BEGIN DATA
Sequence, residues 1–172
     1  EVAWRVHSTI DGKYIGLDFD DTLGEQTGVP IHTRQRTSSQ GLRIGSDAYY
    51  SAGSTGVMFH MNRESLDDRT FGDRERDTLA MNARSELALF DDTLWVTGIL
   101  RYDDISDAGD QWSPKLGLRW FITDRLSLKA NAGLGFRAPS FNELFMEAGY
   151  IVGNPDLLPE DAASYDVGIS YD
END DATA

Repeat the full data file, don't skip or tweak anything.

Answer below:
Sequence, residues 1–172
     1  EVAWRVHSTI DGKYIGLDFD DTLGEQTGVP IHTRQRTSSQ GLRIGSDAYY
    51  SAGSTGVMFH MNRESLDDRT FGDRERDTLA MNARSELALF DDTLWVTGIL
   101  RYDDISDAGD QWSPKLGLRW FITDRLSLKA NAGLGFRAPS FNELFMEAGY
   151  IVGNPDLLPE DAASYDVGIS YD